THE County Championship is an easy target following England’s Ashes defeat but Phil DeFreitas believes it is the quality of the wickets in England which is the bigger issue.
Despite Alastair Cook’s heroics in Melbourne, the domestic game in England has come in for plenty of criticism in the aftermath of the series loss but for DeFreitas, who took more than 250 wickets for England between 1986 and 1996, the bigger issue is the standard of pitches over here.
And if England are to start producing quicker bowlers, and more importantly, bowlers capable of thriving without help from the conditions, it’s up to the counties to produce flatter tracks.
DeFreitas said: “One thing I would say, is that you look at results, particularly in second division cricket and sides are being bowled out cheaply. Are we preparing flat wickets that replicate Test wickets?
“In county cricket, if you’ve got a wicket that helps you and a ball that swings round a corner, you’re not really doing much are you? It’s happening for you and it’s easy.
“If you’ve got a flat wicket then you’ve got to come up with something to be able to bowl on those wickets. Rather than saying county cricket is why we’re not producing decent bowlers, maybe we should look at the wickets that we’re playing on and maybe change that.
“Try to replicate like you would a Test wicket. Something’s got to happen because if you go to Australia, it’s a tough place to play.”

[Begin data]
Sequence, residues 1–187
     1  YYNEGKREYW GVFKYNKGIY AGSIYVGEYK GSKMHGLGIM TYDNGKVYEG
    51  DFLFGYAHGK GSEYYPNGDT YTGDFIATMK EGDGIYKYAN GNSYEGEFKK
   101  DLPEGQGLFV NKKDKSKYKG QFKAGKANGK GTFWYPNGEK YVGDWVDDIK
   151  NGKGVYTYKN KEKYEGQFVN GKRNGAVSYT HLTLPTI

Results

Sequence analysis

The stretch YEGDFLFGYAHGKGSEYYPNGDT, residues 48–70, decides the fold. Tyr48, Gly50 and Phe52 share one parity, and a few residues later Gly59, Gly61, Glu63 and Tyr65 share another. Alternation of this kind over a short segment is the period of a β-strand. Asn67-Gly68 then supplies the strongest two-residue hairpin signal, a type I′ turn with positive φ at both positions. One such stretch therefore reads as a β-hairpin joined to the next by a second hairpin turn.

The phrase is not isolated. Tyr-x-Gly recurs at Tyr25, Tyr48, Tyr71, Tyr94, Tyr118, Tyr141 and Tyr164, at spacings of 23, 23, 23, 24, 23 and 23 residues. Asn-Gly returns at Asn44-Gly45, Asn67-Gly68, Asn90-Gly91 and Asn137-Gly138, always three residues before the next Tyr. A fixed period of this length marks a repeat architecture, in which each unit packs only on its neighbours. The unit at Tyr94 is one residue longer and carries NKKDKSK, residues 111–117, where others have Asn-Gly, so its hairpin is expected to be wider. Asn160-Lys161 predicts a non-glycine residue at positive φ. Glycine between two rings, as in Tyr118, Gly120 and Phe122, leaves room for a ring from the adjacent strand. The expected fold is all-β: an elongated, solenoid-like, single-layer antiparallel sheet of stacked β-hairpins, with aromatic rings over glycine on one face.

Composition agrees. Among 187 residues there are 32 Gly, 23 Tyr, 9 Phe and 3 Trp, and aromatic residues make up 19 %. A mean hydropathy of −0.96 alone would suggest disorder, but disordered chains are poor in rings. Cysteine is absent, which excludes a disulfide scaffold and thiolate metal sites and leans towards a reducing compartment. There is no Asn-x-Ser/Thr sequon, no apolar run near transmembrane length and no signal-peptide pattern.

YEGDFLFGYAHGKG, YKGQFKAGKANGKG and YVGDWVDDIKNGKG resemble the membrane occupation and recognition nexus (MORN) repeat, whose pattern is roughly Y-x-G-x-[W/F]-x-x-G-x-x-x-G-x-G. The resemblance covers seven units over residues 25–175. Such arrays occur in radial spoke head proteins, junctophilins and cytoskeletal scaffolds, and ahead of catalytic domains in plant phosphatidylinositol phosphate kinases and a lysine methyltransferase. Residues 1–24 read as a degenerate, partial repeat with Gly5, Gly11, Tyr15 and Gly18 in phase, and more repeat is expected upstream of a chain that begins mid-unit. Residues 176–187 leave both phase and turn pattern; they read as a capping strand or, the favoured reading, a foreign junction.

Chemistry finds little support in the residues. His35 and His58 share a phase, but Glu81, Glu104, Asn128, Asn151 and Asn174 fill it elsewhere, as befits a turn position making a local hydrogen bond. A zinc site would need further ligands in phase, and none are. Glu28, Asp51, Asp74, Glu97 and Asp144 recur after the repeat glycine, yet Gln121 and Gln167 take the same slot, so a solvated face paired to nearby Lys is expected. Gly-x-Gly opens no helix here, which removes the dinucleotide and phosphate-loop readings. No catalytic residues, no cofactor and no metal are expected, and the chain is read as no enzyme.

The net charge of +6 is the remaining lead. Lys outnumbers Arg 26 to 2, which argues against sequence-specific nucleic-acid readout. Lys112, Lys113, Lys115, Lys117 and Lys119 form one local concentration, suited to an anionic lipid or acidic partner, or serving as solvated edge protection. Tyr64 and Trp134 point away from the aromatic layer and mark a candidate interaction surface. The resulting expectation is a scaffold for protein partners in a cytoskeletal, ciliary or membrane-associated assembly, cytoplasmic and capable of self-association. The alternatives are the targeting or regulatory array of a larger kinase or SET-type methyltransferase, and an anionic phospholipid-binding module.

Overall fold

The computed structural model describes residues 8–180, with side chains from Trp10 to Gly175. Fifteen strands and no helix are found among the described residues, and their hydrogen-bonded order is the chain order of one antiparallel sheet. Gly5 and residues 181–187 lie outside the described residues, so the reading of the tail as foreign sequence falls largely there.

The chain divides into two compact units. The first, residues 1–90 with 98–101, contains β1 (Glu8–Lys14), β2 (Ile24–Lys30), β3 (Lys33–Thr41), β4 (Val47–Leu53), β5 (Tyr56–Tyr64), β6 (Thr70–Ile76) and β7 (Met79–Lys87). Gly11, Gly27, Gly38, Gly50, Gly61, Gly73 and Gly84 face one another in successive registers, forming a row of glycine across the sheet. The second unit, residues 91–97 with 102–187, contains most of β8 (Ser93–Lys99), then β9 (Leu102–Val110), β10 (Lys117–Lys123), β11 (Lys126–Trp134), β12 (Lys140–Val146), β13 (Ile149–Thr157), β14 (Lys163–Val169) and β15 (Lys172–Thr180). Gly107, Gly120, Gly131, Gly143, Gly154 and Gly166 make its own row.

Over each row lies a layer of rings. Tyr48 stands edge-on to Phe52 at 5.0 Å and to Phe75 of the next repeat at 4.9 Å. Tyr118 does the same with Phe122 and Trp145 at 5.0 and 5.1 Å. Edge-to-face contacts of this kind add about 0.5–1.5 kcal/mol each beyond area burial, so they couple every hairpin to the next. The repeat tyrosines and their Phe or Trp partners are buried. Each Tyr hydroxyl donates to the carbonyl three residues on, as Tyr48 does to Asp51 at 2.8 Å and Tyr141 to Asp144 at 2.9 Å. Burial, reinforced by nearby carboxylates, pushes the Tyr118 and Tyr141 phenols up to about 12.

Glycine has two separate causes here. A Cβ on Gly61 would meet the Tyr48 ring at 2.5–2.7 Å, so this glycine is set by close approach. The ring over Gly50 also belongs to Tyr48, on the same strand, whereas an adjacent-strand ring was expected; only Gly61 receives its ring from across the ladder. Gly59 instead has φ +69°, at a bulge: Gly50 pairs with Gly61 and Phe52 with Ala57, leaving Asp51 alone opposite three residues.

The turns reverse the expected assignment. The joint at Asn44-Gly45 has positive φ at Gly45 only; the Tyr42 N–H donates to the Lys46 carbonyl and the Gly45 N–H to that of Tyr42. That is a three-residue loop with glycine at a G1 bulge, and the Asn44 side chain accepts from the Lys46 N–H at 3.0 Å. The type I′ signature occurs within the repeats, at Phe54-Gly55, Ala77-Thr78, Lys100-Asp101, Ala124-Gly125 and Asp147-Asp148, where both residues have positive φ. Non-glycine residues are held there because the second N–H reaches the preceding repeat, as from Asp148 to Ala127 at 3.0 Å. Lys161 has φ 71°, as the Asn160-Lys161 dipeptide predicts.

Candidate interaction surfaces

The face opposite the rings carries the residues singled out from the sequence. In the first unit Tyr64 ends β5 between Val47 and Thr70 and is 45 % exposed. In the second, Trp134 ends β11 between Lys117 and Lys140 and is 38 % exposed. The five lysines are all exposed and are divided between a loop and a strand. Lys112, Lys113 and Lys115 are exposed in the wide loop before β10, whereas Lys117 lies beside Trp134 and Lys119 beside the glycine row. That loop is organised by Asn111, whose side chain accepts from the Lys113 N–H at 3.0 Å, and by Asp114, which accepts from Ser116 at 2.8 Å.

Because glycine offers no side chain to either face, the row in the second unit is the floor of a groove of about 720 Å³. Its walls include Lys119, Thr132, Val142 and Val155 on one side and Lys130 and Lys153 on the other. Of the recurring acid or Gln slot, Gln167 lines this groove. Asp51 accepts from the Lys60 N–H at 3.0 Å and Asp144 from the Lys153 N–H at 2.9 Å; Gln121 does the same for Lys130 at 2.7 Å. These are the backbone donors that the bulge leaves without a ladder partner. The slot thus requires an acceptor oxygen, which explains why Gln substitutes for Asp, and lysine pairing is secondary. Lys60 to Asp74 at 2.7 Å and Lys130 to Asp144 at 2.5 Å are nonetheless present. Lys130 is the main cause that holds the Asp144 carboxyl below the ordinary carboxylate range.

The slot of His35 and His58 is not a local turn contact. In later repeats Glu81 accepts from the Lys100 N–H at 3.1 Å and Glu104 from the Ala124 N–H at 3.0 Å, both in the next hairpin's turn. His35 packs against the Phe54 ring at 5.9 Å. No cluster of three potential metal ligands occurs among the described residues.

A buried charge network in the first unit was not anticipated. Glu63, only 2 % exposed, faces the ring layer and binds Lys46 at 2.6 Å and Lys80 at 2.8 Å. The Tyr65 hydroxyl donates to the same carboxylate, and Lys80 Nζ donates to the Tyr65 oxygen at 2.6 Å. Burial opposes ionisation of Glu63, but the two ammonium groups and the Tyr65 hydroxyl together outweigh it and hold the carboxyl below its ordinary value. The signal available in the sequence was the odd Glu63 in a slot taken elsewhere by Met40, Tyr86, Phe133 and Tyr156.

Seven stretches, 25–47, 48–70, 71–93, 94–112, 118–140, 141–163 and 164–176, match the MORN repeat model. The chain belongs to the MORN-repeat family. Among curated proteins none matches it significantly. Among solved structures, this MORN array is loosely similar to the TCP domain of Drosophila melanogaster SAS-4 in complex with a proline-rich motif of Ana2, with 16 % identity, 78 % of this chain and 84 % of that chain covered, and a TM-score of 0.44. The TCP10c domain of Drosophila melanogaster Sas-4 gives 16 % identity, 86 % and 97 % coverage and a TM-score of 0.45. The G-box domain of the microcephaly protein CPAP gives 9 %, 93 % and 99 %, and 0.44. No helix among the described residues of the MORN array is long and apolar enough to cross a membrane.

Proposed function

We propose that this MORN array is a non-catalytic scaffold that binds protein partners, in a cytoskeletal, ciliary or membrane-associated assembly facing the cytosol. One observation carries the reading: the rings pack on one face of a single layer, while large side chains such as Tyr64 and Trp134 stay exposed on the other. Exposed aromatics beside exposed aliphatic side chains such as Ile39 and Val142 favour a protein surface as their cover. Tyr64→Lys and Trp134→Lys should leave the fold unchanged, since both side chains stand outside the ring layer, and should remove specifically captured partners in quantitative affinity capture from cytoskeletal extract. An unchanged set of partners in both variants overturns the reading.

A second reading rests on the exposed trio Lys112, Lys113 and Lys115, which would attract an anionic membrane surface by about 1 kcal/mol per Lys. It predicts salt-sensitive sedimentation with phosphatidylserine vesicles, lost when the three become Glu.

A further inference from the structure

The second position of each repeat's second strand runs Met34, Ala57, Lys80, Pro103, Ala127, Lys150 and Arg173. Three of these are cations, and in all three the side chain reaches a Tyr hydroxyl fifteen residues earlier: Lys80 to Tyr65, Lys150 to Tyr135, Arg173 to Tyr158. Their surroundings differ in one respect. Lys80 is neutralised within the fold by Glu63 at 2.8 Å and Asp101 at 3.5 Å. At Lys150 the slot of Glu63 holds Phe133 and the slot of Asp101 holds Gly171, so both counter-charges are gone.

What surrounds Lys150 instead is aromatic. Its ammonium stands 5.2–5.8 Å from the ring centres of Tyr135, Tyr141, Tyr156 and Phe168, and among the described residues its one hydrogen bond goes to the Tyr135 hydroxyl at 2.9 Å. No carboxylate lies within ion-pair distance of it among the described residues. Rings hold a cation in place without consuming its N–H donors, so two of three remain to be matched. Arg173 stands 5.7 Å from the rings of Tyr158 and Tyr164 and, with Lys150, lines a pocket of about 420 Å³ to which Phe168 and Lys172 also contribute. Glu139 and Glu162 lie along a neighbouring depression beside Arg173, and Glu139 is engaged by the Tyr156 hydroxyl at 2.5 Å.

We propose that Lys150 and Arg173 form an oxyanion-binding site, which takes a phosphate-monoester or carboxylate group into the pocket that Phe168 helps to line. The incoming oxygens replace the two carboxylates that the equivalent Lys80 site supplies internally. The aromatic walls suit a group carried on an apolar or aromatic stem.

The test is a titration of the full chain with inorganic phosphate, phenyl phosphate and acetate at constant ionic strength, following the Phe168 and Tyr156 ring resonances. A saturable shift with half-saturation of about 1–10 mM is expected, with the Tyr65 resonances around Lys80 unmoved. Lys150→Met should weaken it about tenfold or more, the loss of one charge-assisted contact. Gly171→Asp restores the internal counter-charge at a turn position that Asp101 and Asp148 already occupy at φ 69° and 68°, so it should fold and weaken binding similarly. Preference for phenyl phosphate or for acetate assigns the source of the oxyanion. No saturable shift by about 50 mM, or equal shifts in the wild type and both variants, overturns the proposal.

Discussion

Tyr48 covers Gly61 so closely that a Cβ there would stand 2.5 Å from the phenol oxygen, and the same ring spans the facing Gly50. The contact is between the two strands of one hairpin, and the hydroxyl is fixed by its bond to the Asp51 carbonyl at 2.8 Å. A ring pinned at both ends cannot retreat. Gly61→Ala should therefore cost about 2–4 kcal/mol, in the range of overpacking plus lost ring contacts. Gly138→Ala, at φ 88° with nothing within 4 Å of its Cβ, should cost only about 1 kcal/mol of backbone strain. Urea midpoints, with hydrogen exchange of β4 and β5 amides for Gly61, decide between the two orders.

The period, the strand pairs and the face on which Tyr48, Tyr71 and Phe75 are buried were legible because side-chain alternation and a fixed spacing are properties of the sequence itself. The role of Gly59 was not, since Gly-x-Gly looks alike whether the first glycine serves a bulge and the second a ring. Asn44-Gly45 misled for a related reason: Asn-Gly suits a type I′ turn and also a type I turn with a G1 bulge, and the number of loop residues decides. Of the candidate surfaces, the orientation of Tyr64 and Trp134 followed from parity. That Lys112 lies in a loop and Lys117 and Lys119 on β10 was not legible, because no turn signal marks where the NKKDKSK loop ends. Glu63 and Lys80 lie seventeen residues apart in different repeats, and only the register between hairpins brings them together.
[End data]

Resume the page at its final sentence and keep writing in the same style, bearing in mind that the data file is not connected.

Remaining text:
Stuart Broad’s first innings performance at the MCG has cooled the talk of a change to the English attack but the lack of express pace remains a concern.
And DeFreitas, who played alongside the likes of Devon Malcolm and Darren Gough, believes a chance should have been taken on either Mark Wood or Liam Plunkett to offer a little more variety.
He added: “The only question I would ask is if we’ve got the Lions tour and the next crop coming through, have we got quick bowlers coming through? And if so, where are they?
“I was surprised that there wasn’t a Plunkett or a Wood with that extra bit of pace. You need someone who is going to bowl your late 80s, 90s. I’m not saying our bowlers are not capable of doing it but if you look at the seamers, they are all the same pace.
“They are all very similar and you need something different like a Wood where you can say to him, for four or five overs just run in. The other guys can get on with it.
“For fast bowlers, you can’t turn someone who bowls 82mph suddenly into someone who bowls 90mph. Being a fast bowler is something you do naturally. That’s my personal opinion.
“You can turn an 81/82mph into an 85mph bowler, tweaking him to get an extra couple of yards. But generally with these things, you’re lucky. These Aussie guys, they are quick bowlers and have been brought up being quick bowlers – that’s the difference.”